Thursday, 1 May 2014

England's first Scottish queen

Later this year, Scotland will hold a referendum about whether it wants to remain part of the United Kingdom.  But although the formal union between the crowns of England and Scotland only occurred in the 18th century, the relationship between the royals of both countries had woven their way into the history books for many hundreds of years before.  And the first formal connection between the crowns of England and Scotland came in the early days of  Norman England when the unexpected king, Henry I, married Edith Dunkeld who reigned as Queen Matilda.  Her death on May 1st 1118, her death had a massive impact on the English crown.

Edith 'Matilda' Dunkeld, Queen of England from 1100 to 1118 was well loved and hugely popular

Queen Matilda had been hugely popular, well loved by her subjects and popular with the court at which she resided.  She was known for her love of building, of the arts and poetry and for her devotion to helping the poor and ill.  After her death she was remembered as a good, pious woman who had been a calming influence on her husband.  But the start of Edith's life was much more dramatic.

Henry I, King of England, married Edith Dunkeld in 1100 just months after taking the throne

Edith was the daughter of King Malcolm III of Scotland and Margaret of Wessex, known to history as Saint Margaret.  Edith was born in Dunfermline but at the age of 13 she lost both her parents within months of each other.  At the time, Edith was living in a monastery run by her aunt, Christina, where she was a sought after bride.  But soon after her parents' deaths, she is believed to have left the monastery and disappears from the records until 1100 when the new king of England, Henry I, made her his wife.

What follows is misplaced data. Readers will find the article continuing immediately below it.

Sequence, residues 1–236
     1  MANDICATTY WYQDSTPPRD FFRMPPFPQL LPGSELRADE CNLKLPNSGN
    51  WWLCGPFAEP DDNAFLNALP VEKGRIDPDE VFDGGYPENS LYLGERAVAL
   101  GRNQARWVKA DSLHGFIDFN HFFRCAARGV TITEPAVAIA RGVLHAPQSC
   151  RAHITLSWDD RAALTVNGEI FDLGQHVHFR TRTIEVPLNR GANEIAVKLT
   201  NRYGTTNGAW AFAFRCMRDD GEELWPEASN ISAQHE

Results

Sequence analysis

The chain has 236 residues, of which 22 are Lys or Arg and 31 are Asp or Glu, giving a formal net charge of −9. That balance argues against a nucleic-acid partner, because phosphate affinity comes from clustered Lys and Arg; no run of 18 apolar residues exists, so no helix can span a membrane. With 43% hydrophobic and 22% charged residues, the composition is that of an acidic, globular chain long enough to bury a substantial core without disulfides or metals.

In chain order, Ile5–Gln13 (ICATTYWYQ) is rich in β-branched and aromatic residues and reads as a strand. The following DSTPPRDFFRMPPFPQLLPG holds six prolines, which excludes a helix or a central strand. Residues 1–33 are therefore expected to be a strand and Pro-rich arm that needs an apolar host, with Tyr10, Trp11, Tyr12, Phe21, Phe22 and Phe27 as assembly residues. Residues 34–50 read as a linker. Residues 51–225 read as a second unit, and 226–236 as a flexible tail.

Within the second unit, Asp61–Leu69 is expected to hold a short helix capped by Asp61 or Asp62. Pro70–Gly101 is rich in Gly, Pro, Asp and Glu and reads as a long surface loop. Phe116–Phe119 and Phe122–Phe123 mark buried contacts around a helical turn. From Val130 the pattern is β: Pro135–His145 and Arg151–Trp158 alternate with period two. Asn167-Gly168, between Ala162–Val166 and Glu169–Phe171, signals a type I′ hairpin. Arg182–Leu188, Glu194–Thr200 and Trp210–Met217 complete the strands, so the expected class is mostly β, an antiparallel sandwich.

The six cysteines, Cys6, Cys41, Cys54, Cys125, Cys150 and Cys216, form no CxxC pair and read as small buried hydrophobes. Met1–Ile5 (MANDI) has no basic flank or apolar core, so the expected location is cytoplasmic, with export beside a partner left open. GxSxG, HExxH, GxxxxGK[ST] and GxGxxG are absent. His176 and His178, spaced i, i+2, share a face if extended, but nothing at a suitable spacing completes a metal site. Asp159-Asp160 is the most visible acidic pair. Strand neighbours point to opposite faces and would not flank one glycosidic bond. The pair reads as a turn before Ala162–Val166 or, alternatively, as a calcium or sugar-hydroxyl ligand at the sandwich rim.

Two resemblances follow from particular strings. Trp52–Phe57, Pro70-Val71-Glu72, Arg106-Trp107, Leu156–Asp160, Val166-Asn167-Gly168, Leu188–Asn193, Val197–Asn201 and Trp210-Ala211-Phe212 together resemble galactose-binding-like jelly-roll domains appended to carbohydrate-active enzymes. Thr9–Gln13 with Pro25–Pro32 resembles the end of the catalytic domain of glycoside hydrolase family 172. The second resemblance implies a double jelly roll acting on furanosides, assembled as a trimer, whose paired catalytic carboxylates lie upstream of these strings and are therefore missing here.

Matilda, the Empress, was the daughter of Henry I and Matilda of Scotland

The couple had a son, William, and a daughter, Matilda, but two years after Edith's death William died in the White Ship disaster and her husband's plans for a great dynasty died with him.  His daughter, Matilda, would try to claim his throne as hers after his death but the civil war that followed was only ended by the accession of her son, Henry II. But thanks to Matilda putting her son on the throne, Edith became the ancestor of every monarch to have ruled England and then Great Britain afterwards.  For centuries after her reign, her country of birth was at odds with the country she grew up to rule.  But they did eventually unite their crowns and those who went on to wear it can call England's first Scottish queen great granny - several times over.

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